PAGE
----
According to the Globe and Mail, the federal Justice minister, Rob Nicholson, was recently asked about the propriety of a hypothetical (actually, rumoured) appointment of a cabinet minister to the bench. The Globe reports that
“[h]e said he did not believe that certain individuals should be ruled out as judges. ‘I’ve never gone out of my way to say that certain groups of individuals – people who have served, for instance, in political office – that they should be eliminated or sit out or anything else.'”
As a general principle, I think that’s right. There are fine lawyers serving in political office, and it would be too bad if we deprived ourselves of their services on the bench. During my clerkship at the Federal Court, I have had the privilege of working on some cases for Justice Yvon Pinard, who had been a cabinet minister and the government’s Leader in the House of Commons during Pierre Trudeau’s last cabinet, immediately prior to his appointment to the court (at the ripe old age of 36). I believe he is a fine judge. Indeed I’ve been told, though I haven’t verified this, that he is the judge of the Federal Court whose decisions are least often reversed by the Federal Court of Appeal. (This is surely not the only, maybe not even the best, benchmark by which to measure a judge’s performance, but it is worth something.) And there are many other examples of former politicians who went on to have fine, or even distinguished, judicial careers, in Canada and elsewhere. Perhaps the most famous of them was Earl Warren, governor of California, vice-presidential candidate, and later an iconic Chief Justice of the United States.
The counter-argument, the basis for claims about the impropriety of appointing a politician to the bench, implies that such a judge would be partisan, biased, or insufficiently independent. But many lawyers are political partisans even without serving in political office. If we assume that they are capable of relinquishing partisanship upon appointment to the bench, I think we should also afford the same presumptive trust to former active politicians. Lawyers work for firms that appear before them when they become judges; or they work in government positions in which they consistently take the same side of an issue (as prosecutors for example), but we expect them to be able to serve as impartial judges. Again, there is no reason to treat politicians any differently.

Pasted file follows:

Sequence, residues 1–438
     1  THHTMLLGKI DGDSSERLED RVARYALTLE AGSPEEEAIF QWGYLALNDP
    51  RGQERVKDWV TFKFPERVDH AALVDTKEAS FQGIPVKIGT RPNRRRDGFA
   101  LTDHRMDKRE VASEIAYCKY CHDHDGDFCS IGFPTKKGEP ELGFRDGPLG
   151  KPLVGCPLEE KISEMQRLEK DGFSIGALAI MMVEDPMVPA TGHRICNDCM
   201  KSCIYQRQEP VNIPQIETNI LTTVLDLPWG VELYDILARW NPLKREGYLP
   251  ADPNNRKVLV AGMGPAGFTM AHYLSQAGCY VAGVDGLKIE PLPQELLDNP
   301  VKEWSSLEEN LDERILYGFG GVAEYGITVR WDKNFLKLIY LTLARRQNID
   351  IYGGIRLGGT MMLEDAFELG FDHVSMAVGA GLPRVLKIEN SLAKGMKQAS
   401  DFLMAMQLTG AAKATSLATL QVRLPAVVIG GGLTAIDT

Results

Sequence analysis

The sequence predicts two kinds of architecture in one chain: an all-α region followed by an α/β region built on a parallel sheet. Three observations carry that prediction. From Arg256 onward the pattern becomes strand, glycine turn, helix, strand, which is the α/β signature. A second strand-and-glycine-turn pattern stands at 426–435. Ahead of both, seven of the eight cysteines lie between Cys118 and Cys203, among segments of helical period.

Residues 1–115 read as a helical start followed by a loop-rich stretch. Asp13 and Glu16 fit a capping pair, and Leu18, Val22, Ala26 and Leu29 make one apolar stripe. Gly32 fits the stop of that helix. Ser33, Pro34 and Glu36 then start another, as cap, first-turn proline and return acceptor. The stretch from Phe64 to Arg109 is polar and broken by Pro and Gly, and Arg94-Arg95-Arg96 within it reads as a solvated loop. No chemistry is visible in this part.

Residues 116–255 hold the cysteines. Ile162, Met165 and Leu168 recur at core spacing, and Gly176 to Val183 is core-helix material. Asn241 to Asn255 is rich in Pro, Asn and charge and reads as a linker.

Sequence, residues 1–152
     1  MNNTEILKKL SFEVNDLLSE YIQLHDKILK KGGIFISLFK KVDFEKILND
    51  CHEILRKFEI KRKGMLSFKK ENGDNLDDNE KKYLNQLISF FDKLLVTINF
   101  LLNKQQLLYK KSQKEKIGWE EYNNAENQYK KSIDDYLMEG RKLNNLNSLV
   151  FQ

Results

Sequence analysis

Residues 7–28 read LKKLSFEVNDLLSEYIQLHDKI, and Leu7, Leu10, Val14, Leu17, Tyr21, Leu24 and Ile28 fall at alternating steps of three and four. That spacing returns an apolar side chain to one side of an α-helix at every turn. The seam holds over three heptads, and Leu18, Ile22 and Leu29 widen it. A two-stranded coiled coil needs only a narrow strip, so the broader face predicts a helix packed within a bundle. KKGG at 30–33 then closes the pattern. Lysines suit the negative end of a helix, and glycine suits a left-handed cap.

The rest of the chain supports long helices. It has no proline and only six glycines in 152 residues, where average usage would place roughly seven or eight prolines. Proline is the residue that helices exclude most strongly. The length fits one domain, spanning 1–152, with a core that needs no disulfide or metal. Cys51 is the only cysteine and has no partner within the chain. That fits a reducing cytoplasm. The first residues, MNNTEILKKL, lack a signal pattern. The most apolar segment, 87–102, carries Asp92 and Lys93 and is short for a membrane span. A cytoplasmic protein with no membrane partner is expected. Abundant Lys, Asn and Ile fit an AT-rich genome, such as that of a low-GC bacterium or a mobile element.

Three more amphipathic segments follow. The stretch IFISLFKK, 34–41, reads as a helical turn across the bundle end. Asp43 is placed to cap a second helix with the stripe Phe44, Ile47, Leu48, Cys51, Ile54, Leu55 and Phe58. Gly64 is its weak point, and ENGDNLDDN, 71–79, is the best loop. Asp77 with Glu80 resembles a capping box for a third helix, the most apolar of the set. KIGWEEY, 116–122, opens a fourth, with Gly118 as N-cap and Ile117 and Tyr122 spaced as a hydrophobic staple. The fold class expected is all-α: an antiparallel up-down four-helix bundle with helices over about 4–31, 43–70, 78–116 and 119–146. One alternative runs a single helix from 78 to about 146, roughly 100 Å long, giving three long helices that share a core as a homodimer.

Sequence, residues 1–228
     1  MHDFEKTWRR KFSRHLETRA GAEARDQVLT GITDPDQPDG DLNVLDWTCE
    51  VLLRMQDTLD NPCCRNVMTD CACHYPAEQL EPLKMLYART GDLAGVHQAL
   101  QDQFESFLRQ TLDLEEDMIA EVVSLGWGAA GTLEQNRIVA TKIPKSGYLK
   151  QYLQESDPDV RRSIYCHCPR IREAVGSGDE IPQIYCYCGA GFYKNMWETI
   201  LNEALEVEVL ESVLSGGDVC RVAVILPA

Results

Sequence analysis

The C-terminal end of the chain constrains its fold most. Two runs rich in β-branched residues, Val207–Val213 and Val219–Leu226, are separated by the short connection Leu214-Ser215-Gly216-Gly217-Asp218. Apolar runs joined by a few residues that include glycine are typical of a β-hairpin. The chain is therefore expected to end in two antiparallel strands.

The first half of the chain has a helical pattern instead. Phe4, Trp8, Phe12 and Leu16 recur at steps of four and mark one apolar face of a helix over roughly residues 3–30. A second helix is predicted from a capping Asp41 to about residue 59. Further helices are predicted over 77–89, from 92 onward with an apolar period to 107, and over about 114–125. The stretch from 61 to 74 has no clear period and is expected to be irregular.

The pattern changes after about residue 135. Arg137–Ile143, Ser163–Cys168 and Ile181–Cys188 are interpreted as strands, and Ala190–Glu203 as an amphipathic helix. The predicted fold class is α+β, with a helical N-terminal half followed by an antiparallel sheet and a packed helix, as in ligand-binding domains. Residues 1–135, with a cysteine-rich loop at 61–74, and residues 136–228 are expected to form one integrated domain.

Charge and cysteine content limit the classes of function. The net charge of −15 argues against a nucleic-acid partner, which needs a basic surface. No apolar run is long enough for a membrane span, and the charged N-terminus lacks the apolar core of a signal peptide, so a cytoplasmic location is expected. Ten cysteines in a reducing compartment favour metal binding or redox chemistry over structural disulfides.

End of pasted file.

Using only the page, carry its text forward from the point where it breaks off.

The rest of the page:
That said, there is a qualification which, although valid for any lawyer aspiring to the bench, might be worth special emphasis in the case of active politicians. A lawyer’s conduct, especially his or her conduct in his or her chosen profession, can obviously be scrutinized for signs that the lawyer may not be able to live up to the standard of conduct expected of a judge. As the Canadian Judicial Council explains,
- Judges should, at all times, exhibit and promote high standards of conduct so as to reinforce public confidence. Judges should strive to conduct themselves in a way that will sustain and contribute to public respect and confidence in their integrity, impartiality and good judgment.
- Judges should perform their duties with diligence while treating everyone before the court with courtesy and equality, being careful to avoid stereotyping or discrimination. Judges should avoid comments, expressions, gestures or behaviour which may be interpreted as showing insensitivity or disrespect.
- In making their decisions, judges must be and must appear to be impartial at all times. Judges must be mindful of how inappropriate comments, improper remarks or unjustified reprimands can undermine the appearance of impartiality and actively work to avoid them.
Prior to their appointment to the bench, lawyers are not held to the same standard, and some deviations from it should not be disqualifying from a judicial appointment. But a lawyer who has a history of treating opponents as enemies, of going beyond the normal bounds of partisanship, of refusing to acknowledge contrary viewpoints, or of being hateful or contemptuous is, in my view, not qualified to serve as a judge. And, arguably, politicians are especially at risk of committing these deadly sins. A politician who claims that the opponents of his policy “stand … with child pornographers” probably should not become a judge. Yes, Minister, it is your colleague Vic Toews I am talking about.